Rabbits are an ideal meat-source for poor farmers in Kabale for a variety of reasons, Twinamatsiko argues. The majority of farmers can’t afford to buy grain feed in the market to raise chickens, nor do they have enough land to graze cattle. Instead, rabbits can be fed on weeds and wild vegetation, which are locally available and affordable to farmers. Secondly, disease vulnerability and mortality rates are lower in rabbits than chickens, especially when they’re kept in elevated cages. And finally, there’s a good reason for the expression “breed like rabbits.” Twinamatsiko says that one doe can give birth to four to six litters every year, producing upwards of 60 offspring. That’s a huge return for poor farmers who rarely eat meat.
In 2013, Twinamatsiko teamed up with a local medical doctor, Dr. Anguyo Geoffrey, who runs a community healthcare organization called the Kigezi Healthcare Foundation (KIHEFO). Dr. Anguyo regularly identifies cases of extreme malnutrition in southwestern Uganda. He admits sick children and their caretakers for rehabilitation treatment at KIHEFO’s clinic in Kabale. Together, Twinamatsiko and KIHEFO began developing a rabbit-breeding program with the goal to supply rabbit stock to poor farmers with vulnerable children. In May 2015, KIHEFO built a Rabbit Breeding Center in Kabale, and Twinamatsiko rolled up his sleeves and got to work in the community.
There are now more than 300 rabbits at the center, including Californian, New Zealand, and Flemish Giant, which are typically bred for meat. Through KIHEFO’s development programing, poor households receive three animals (two does and one buck) and training, which enables them to start their own projects. To date, more than 100 farmers have begun breeding rabbits in their backyards.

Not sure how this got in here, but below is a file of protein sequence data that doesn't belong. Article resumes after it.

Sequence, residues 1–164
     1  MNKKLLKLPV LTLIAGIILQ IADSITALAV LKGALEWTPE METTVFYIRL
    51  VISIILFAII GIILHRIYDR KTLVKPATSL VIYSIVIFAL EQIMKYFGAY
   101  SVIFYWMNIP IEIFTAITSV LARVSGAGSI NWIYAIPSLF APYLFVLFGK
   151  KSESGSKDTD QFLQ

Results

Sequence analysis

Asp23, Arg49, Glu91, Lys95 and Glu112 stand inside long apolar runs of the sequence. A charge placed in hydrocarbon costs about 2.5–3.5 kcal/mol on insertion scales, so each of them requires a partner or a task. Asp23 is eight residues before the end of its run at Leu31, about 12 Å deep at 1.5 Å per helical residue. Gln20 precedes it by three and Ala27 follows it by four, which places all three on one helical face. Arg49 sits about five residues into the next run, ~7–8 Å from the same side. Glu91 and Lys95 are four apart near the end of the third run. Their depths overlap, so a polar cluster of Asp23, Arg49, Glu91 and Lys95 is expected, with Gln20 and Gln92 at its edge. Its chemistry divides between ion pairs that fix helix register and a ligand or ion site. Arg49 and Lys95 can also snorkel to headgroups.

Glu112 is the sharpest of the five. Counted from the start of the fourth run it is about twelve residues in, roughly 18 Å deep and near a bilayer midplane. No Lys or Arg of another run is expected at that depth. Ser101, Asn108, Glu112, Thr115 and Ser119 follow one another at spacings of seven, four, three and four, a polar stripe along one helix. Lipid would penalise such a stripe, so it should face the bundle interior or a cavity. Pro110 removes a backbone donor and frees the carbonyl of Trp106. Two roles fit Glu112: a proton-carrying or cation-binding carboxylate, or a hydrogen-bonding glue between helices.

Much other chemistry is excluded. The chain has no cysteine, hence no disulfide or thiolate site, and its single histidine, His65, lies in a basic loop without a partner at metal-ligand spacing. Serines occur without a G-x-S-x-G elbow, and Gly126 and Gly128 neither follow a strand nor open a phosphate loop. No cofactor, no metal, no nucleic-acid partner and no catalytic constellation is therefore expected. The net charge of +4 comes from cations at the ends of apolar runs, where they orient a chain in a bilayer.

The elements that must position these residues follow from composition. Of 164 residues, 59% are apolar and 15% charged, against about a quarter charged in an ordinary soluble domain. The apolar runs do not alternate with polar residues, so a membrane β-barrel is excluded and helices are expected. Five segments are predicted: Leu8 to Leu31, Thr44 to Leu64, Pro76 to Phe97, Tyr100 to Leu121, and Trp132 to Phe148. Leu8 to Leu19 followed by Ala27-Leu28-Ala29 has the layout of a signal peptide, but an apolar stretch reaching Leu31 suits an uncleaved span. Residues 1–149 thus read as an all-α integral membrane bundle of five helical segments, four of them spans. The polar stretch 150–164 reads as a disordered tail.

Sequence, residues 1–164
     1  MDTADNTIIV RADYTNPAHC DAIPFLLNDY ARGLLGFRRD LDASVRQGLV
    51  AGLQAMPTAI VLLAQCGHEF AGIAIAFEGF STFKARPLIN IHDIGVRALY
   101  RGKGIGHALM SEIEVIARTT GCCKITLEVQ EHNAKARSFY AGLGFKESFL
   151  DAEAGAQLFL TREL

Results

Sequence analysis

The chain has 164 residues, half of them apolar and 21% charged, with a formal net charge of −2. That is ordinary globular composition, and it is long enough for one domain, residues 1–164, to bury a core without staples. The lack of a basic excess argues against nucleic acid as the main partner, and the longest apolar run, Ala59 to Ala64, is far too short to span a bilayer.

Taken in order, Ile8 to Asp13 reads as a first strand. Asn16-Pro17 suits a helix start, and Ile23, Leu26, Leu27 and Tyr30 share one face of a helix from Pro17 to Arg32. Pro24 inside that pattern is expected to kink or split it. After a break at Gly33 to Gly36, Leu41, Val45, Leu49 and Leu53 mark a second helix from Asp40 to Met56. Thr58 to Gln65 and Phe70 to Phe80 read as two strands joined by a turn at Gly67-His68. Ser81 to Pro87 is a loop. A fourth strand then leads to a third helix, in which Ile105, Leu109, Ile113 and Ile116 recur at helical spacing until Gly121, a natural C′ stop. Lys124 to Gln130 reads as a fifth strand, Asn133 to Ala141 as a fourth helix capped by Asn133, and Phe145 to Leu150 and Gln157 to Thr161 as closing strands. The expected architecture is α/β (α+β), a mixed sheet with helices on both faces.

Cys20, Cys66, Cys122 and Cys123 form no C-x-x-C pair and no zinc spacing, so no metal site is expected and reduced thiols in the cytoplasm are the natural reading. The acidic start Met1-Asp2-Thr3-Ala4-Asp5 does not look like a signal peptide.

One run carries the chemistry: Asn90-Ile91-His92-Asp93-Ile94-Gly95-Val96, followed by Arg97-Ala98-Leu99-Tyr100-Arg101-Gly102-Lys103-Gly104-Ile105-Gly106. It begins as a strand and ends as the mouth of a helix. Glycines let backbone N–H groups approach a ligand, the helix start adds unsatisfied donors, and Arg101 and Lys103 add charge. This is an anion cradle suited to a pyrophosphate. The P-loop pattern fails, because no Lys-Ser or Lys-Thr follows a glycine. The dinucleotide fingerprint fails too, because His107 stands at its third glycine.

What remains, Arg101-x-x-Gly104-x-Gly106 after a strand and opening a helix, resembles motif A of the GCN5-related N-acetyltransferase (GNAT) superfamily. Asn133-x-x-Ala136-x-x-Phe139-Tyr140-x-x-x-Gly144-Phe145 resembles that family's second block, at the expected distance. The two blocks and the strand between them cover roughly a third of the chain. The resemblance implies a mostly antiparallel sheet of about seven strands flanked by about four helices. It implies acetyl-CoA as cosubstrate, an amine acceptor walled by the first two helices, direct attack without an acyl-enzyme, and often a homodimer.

Emily Ninsiima, 28 years old, is a small-scale farmer who lives in the village of Kicumbi. She’s a single mother to two young daughters. In 2014, she received support from Twinamatsiko and KIHEFO to raise rabbits.
“It’s made a big difference,” says Ninsiima, whose rabbit population grew quickly. Over the course of a year, she tripled her family’s meat intake. She sold five of the rabbits, generating additional income and gave away a few to her neighbors so they could start their own projects. “It’s doesn’t take much time to feed and care for them,” explains Ninsiima, “and the risk of failure is low.” She also points out that rabbits produce a large amount of manure, which she processes into organic compost and fertilizer for her field crops.
Today Twinamatsiko isn’t only training farmers how to raise rabbits – he’s building new markets and buying back the surplus at a guaranteed price. A few months ago, he opened the first “Rabbit Joint” (restaurant) in Kabale town, serving a signature dish of roasted rabbit, cabbage coleslaw, and steamed plantain. He admits that it’s been challenging to convince the public that rabbit meat can be just as tasty and desirable as other more preferred meats, like goat and pork.
But working to change the cultural palate is all part of Twinamatsiko’s greater task to support sustainable solutions to child malnutrition, food security and economic development in Uganda.
“As a farmer, you have to be creative. You have to be innovative,” he says.